2010 Audi S5 Reviews
Cars.com Expert Reviews
Audi positions both its A5 and S5 convertibles to compete with luxury droptops like the BMW 3 Series, Infiniti G37 and Lexus IS C, and the German automaker is onto something with the S5. Though pricier than its peers — and perhaps a bit more nose-heavy than its A5 sibling — it delivers a unique brand of fun that's worth checking out.
In an age when folding metal hardtops are becoming the norm, however, some will be turned off by the S5's cloth soft-top. It will be interesting to see if the car's comparative versatility is attractive enough to make up for it.
The A5 and S5 coupes are identical cars, save their performance aspects, and both are newly available as convertibles for 2010; the Germans call them cabriolets, but I'll stick to English. The A5 and S5 convertibles succeed the dated A4 and S4 convertibles; click here for a comparison of all four models. I'll focus here on the S5's performance aspects. For a broader review of the car, check out our A5 convertible review here.
Like the redesigned S4 sedan, the S5 convertible gets a supercharged 3.0-liter V-6. Fire it up, and the 333-horsepower engine settles into a low, flat burble. I'll admit it — at times, I found the noise taxing, but I'm not one to crank the bass on my stereo. (In my well-worn Toyota, such shenanigans might blow out a speaker … or an A-pillar.) Past idle, the exhaust turns into a higher whine I'll take any day over the 211-hp A5's gravelly roar. The engine pulls strong as revs build higher, but its character comes closer to the G37's normally aspirated V-6 than it does to BMW's turbocharged six-cylinder. There's no wall of grunt early on. Push harder, and the engine turns out thrust comparable to the 335i's — and then some, evidently. BMW says an automatic 335i convertible takes 5.7 seconds to hit 60 mph. Audi says the S5 does it in 5.1 seconds.
So why, despite taking longer to get up and go, does the S5 win the race? Some credit belongs to the traction advantage of the S5's standard Quattro all-wheel drive; other credit belongs to Audi's marvelous dual-clutch seven-speed automatic. It pops through gears far swifter than any stick-shift driver could, with short ratios that allow the engine to hit its stride lickety-split. Upshifts come with virtually unbroken power delivery and, under hard acceleration, a satisfying exhaust pop. (Audi says the noise is a result of latent ignition to manage smoother gear transitions — not the backpressure release that's typically responsible for exhaust barks.)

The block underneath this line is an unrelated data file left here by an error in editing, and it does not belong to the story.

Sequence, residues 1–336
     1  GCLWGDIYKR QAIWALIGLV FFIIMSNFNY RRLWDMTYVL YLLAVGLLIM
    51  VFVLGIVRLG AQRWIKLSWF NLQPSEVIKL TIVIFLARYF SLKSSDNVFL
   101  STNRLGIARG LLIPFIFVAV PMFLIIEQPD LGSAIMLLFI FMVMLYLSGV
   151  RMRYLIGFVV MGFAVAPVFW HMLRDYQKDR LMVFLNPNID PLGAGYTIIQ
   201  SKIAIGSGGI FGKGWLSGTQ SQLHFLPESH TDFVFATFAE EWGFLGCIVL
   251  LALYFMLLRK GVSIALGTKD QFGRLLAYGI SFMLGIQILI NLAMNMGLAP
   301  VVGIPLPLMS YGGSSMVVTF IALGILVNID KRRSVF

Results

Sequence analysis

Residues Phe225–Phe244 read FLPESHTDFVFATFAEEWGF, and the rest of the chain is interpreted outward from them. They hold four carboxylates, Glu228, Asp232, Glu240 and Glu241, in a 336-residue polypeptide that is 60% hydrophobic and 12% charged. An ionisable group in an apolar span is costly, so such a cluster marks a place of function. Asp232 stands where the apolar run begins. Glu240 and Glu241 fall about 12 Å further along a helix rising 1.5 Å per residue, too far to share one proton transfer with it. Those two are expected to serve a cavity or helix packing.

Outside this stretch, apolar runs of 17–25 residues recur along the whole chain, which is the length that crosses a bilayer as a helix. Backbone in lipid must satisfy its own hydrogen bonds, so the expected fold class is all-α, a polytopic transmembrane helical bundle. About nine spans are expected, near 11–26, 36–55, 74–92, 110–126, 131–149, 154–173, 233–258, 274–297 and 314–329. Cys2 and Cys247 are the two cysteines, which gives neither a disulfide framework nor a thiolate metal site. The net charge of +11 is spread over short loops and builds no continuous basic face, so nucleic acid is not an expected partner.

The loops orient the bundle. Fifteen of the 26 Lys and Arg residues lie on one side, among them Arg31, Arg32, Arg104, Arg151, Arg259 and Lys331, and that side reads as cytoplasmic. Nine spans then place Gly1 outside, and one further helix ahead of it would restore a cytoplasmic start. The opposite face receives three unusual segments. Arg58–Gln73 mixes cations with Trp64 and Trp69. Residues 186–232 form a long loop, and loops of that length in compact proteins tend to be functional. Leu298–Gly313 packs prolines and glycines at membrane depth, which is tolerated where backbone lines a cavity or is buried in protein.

Activate the automatic's Dynamic mode, and it fetches lower gears to power through corners or accelerate up on-ramps with near-instinctive response. Even in the transmission's in-between Auto or cushier Comfort settings, kickdown happens without too much delay. In any of the three modes, the transmission comports itself far smoother at low speeds than most dual-clutch automatics.
The standard four-wheel-disc antilock brakes are larger here than in the A5. The pedal delivers firm stopping power, and it's easy to fine-tune your deceleration. Hammering the brakes on hilly roads all afternoon, I didn't find any objectionable levels of brake fade.
At least for the foreseeable future, the S5 coupe will retain its 4.2-liter V-8. That marks a reversal of earlier plans to switch to the supercharged V-6. Count me pleased; dismal gas mileage notwithstanding, other Cars.com editors are a big fan of the 4.2. The S5 convertible, at least, gets a respectable EPA-rated 17/26 mpg city/highway. Here's how the engines compare:
|S5 convertible||S5 coupe|
|Engine||3.0-liter supercharged V-6||4.2-liter V-8|
|Horsepower (@ rpm)||333 @ 5,500-7,000||354 @ 7,000|
|Torque (lbs.-ft., @ rpm)||325 @ 2,900-5,300||325 @ 3,500|
|Driveline||All-wheel drive||All-wheel drive|
|Transmissions||7-speed dual-clutch auto||6-speed manual or 6-speed auto|
|Base curb weight (lbs.)||4,310||3,858|
|Acceleration (0-60 mph, sec.)||5.1||4.9 (manual), 5.1 (auto)|
|EPA mileage (city/hwy., mpg)||17/26||14/22 (manual), 16/24 (auto)|
|Source: Manufacturer and EPA data|
Ride, Handling & Audi Drive Select
Comfort, Auto and Dynamic modes are part of the S5's optional Audi Drive Select system, which our test car had. ADS allows drivers to toggle the aforementioned transmission response among the three settings. You can do the same with accelerator sensitivity, steering response and the firmness of the S5's optional adaptive suspension. Changes between the ADS settings are difficult to detect across suspension and accelerator settings, but ride comfort is generous in any case. Over broken pavement, however, I noticed more cowl shake than I did in the A5 convertible we evaluated last fall.